TITLE: Business Plans Matter
DATE: 8/25/2004 05:56:00 PM
Among the acclaim I have already extended, Post-It is a powerful economic developer. Well, actually, 3M Corporation is.
At a time when small towns are disappearing in the blink of an eye, one tiny dot on the map still has a thriving manufacturing industry thanks to 3M. A vast majority of the working population of Cynthiana, Kentucky, works to make Post-It notes and ship them across the globe. That’s right! A town with a population of 6,497 people is keeping your life (and most certainly mine) a little more organized.
Art, believe it or not, is an economic developer too.
This is something I know to be true. The proof is in the people I meet in my day job, and also the books, magazines, and blogs I read in my free time.
Richard Florida, pioneering writer and researcher on the value of creative community growth, is just one of my new hero’s this past year. He didn’t just write about the power of arts revitalization and creative industries, he travels around the country preaching the idea! He truly believes that small town and big city mayors have one thing in common—they all need to embrace creative solutions to sustainable growth.
All this aside, how could it relate to your thriving company or fledgling business idea?
Aha! It relates in a very big way.
Whether you’ve been in business for 10 years or plan to begin officially a year from now, you need a plan. Your business plan should always include supporting statistics on the size and scope of your industry, the rate of growth of your segment of business, and the likelihood of your succeeding.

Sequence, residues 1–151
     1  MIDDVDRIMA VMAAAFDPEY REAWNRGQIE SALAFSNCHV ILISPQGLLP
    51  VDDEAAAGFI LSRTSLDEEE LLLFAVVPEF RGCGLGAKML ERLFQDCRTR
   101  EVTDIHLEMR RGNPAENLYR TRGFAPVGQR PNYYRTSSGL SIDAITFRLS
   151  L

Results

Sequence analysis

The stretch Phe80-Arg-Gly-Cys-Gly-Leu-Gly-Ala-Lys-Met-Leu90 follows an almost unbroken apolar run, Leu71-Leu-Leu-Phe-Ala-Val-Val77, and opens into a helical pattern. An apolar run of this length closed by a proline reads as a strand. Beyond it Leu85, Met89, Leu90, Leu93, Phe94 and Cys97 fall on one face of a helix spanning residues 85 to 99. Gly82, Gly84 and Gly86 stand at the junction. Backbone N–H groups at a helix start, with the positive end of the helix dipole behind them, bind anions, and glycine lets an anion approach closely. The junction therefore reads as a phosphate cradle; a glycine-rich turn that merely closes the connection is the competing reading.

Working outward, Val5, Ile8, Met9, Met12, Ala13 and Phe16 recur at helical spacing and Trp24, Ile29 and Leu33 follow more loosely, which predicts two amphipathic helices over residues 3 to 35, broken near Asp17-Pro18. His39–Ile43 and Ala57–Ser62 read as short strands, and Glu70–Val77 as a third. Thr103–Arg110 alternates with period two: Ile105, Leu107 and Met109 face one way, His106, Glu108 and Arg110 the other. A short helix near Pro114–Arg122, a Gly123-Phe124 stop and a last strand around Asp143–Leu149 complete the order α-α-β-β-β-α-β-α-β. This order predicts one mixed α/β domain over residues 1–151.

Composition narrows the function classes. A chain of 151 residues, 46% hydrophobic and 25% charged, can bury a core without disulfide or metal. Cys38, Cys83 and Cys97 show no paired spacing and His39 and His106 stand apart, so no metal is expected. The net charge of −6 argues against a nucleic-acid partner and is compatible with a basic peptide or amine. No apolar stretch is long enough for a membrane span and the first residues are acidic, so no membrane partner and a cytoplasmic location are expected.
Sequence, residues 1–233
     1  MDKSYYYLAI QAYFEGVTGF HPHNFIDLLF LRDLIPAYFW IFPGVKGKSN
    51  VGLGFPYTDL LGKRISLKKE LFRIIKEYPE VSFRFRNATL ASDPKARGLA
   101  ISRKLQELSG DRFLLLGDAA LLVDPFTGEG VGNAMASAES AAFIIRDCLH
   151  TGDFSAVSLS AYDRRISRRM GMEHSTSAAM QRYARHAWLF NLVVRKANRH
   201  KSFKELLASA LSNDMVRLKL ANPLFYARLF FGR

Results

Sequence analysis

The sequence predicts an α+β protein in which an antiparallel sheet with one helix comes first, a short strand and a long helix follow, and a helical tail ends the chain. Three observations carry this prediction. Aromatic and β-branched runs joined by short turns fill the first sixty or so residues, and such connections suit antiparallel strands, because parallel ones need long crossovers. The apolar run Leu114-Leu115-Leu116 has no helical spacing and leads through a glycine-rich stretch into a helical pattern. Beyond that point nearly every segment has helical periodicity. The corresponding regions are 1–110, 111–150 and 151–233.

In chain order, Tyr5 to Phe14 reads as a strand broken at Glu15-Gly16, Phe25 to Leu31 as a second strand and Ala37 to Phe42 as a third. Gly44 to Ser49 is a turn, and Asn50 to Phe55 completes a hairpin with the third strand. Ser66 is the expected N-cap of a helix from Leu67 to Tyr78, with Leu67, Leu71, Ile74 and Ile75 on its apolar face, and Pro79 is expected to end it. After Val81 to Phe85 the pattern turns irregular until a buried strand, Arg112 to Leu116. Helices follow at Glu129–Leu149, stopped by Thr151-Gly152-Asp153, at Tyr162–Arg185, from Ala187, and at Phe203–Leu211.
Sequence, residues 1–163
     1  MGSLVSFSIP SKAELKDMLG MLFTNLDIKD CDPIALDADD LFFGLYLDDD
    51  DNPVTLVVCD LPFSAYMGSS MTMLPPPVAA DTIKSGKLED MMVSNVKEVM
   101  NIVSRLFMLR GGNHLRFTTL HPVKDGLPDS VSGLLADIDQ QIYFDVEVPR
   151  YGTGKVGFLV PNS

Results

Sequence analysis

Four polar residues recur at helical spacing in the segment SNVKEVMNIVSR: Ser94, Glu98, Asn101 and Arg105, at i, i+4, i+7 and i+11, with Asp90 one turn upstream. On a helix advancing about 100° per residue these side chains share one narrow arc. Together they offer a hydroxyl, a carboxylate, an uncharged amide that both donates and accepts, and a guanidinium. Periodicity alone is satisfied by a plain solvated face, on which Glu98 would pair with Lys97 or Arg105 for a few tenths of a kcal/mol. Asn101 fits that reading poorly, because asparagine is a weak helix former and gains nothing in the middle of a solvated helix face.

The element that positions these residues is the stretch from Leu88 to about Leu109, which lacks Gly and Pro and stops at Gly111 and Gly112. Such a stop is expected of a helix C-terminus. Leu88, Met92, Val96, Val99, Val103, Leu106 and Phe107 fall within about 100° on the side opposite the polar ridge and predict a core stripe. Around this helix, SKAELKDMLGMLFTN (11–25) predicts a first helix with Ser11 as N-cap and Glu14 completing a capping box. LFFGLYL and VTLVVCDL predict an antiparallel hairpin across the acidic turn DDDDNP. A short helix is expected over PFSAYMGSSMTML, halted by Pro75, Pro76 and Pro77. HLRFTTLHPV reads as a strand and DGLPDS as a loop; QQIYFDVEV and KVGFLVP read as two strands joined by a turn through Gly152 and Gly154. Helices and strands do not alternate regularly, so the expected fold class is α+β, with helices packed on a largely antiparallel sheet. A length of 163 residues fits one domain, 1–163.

If you need a grant or a small business loan, a formalized business plan will help you lay the groundwork by presenting you as a PROFESSIONAL ARTIST… not that other variety we hear so much about (shh… the starving, scatter-brained one... you know).
Using buzz terms like "economic development" or adding in paragraphs about the "sustainability of craft businesses" will sound like music to your banker’s ears. They’ll be thinking, "Ah… You don’t want to be an artist, you want to be a business person!" (Just nod and smile along. You and I know it's possible to be both.)
Even if you have NO need to seek out investors, trust me—start drafting this document today. Much like the way notecards or an old fashioned outline give you the backbone behind a term paper, a business plan will do the same for your business. If not potential lenders, it gives you something to lean against and use as a marker. Update it over time and you will always be on your toes and able to win any argument begun with, "So, you make art for a living?"
To identify stats to support your business plan. Try these sources:
Small Business Administration Annual Report
The CODA Survey
Women’s Business Research
If your business plan is already done, you have plenty of time to read about creative development:
Richard Florida’s books
Absorb anything put out by AFTA
Selling Art IS Selling an Idea!
Read Dan Pink